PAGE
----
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It was in the Scottish/English Borderlands that the Strathclyde-Briton people first used the ancient name Alday. It was a name for someone who lived near the mountain called Holy Day in the county of Annandale.

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The surname Alday was first found in Annandale, where they held a family seat from very ancient times, some say well before the Norman Conquest and the arrival of Duke William at Hastings in 1066 A.D.

Surnames that evolved in Scotland in the Middle Ages often appear under many spelling variations. These are due to the practice of spelling according to sound in the era before dictionaries had standardized the English language. Alday has appeared as Halliday, Haliday and others.


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This web page shows only a small excerpt of our Alday research. Another 261 words (19 lines of text) covering the years 1120, 1605, 1593, 1661, 1626, 1697, 1697 and are included under the topic Early Alday History in all our PDF Extended History products and printed products wherever possible.

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Notable amongst the family at this time was Sir Leonard Halliday; Barten Holyday or Holiday (1593-1661), a clergyman, author and poet, appointed Archdeacon of Oxford by King Charles I in 1626; and Will...

Another 32 words (2 lines of text) are included under the topic Early Alday Notables in all our PDF Extended History products and printed products wherever possible.

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Some of the Alday family moved to Ireland, but this topic is not covered in this excerpt. Another 101 words (7 lines of text) about their life in Ireland is included in all our PDF Extended History products and printed products wherever possible.

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The North American colonies beckoned, with their ample land and opportunity as their freedom from the persecution suffered by so many Clan families back home. Many Scots even fought against England in the American War of Independence to gain this freedom. Recently, clan societies have allowed the ancestors of these brave Scottish settlers to rediscover their familial roots. Among them:

Alday Settlers in United States in the 18th Century

  • Jasper Alday, who arrived in North Carolina in 1748

Alday Settlers in Australia in the 19th Century

  • Samuel Alday arrived in Adelaide, Australia aboard the ship "Mount Stuart Elphinstone" in 1851
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The motto was originally a war cry or slogan. Mottoes first began to be shown with arms in the 14th and 15th centuries, but were not in general use until the 17th century. Thus the oldest coats of arms generally do not include a motto. Mottoes seldom form part of the grant of arms: Under most heraldic authorities, a motto is an optional component of the coat of arms, and can be added to or changed at will; many families have chosen not to display a motto.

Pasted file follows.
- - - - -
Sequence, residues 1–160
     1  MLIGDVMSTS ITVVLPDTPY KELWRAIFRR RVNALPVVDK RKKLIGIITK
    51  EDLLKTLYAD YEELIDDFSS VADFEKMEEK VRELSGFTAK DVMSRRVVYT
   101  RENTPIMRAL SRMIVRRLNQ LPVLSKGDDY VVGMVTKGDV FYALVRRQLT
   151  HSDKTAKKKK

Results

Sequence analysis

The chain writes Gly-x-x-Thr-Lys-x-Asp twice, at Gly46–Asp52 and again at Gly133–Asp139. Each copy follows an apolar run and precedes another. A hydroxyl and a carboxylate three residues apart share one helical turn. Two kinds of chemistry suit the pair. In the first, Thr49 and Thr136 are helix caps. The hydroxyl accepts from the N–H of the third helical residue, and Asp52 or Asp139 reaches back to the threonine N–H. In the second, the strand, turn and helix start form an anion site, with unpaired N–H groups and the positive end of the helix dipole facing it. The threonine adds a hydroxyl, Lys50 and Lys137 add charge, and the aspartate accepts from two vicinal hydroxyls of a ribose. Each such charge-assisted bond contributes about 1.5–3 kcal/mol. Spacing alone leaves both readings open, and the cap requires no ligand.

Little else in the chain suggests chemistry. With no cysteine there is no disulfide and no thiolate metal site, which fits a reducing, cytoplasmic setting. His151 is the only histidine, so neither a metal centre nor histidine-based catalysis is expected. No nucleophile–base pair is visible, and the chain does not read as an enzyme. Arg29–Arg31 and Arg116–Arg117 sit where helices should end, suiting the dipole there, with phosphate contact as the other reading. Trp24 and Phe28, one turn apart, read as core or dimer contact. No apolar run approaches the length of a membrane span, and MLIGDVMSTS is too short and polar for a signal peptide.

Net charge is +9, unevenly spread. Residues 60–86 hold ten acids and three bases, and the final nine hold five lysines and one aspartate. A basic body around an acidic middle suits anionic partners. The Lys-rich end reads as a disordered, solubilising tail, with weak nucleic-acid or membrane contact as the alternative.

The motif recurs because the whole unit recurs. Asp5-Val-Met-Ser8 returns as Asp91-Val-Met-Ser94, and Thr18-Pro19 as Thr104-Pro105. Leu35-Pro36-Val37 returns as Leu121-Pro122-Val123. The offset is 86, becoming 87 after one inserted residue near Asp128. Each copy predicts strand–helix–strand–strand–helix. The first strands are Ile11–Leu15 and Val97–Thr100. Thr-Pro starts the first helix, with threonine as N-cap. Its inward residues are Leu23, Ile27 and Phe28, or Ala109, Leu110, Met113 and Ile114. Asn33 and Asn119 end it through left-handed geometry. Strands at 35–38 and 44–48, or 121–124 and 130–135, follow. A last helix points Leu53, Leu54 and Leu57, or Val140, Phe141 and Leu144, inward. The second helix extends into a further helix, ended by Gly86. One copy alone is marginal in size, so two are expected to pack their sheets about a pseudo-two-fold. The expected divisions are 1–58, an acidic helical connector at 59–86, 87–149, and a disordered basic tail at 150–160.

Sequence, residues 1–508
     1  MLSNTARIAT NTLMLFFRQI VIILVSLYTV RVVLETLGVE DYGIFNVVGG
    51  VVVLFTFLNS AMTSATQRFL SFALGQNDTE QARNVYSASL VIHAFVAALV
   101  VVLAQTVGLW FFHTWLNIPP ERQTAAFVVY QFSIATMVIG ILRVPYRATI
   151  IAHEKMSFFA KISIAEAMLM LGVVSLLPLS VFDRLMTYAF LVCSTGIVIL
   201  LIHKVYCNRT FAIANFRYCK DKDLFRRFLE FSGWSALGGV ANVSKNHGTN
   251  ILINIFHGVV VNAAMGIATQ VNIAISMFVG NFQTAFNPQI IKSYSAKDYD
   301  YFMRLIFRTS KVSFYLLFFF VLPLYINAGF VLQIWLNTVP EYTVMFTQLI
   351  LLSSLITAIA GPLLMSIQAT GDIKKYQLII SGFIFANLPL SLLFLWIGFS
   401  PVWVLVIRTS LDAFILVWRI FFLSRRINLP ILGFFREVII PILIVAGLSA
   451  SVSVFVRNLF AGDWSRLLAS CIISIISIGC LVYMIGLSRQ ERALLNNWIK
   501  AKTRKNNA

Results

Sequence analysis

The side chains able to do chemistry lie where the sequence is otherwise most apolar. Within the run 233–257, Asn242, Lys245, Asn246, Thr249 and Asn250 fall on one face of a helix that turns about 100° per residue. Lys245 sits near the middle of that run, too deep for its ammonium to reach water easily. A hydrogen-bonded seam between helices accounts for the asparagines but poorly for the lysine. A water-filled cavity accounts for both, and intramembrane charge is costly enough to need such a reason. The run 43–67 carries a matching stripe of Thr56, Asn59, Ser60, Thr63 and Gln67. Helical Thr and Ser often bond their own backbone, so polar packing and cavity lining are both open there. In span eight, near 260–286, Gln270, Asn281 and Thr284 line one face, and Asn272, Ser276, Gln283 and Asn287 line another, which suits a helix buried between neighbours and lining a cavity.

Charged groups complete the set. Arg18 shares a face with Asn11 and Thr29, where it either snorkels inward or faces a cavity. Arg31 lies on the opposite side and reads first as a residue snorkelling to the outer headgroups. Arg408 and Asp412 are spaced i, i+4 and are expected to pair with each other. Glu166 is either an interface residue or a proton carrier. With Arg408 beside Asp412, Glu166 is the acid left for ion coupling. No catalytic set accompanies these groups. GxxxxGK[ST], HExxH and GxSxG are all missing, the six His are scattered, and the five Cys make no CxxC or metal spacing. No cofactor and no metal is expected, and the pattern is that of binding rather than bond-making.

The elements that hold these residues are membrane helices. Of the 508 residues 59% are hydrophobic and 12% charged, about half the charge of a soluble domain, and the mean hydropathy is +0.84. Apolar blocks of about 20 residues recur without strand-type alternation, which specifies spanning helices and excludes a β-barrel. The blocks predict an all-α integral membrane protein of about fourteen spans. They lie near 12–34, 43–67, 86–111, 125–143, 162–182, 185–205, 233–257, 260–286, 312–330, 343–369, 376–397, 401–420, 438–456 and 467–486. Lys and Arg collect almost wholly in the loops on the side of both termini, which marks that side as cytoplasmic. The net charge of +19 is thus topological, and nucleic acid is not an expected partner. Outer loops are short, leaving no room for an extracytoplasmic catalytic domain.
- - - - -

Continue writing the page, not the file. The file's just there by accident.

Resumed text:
Motto: Quarta saluti
Motto Translation: The fourth to health.

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Citations



    Other References

    1. Magnusson, Magnus. Chambers Biographical Dictionary 5th edition. Edinburgh: W & R Chambers, 1990. Print.
    2. Barrow, G.W.S Ed. The Charters of David I The Written Acts of David I King of Scots, 1124-53 and of His Son Henry, Earl of Northumerland, 1139-52. Woodbridge: The Boydell Press, 1999. Print.
    3. Innes, Thomas and Learney. Scots Heraldry A Practical Handbook on the Historical Principles and Mordern Application of the Art and Science. London: Oliver and Boyd, 1934. Print.
    4. Hanks, Patricia and Flavia Hodges. A Dictionary of Surnames. Oxford: Oxford University Press, 1988. Print. (ISBN 0-19-211592-8).
    5. Barrow, G.W.S Ed. Acts of Malcom IV 1153-65 Volume I Regesta Regum Scottorum 1153-1424. Edinburgh: Edinburgh University Press, 1960. Print.
    6. Skene, William Forbes Edition. Chronicles of the Picts, Chronicles of the Scots and Other Early Memorials of Scottish History. Edinburgh: H.M. General Register House, 1867. Print.
    7. Donaldson, Gordon and Robert S. Morpeth. Who's Who In Scotish History. Wales: Welsh Academic Press, 1996. Print. (ISBN 186057-0054).
    8. Holt, J.C. Ed. Domesday Studies. Woodbridge: Boydell, 1987. Print. (ISBN 0-85115-477-8).
    9. Egle, William Henry. Pennsylvania Genealogies Scotch-Irish and German. Harrisburg: L.S. Hart, 1886. Print.
    10. Le Patourel, John. The Norman Empire. New York: Oxford University Press, 1976. Print. (ISBN 0-19-822525-3).
    11. ...

    The Alday Family Crest was acquired from the Houseofnames.com archives. The Alday Family Crest was drawn according to heraldic standards based on published blazons. We generally include the oldest published family crest once associated with each surname.

    This page was last modified on 1 August 2013 at 08:36.

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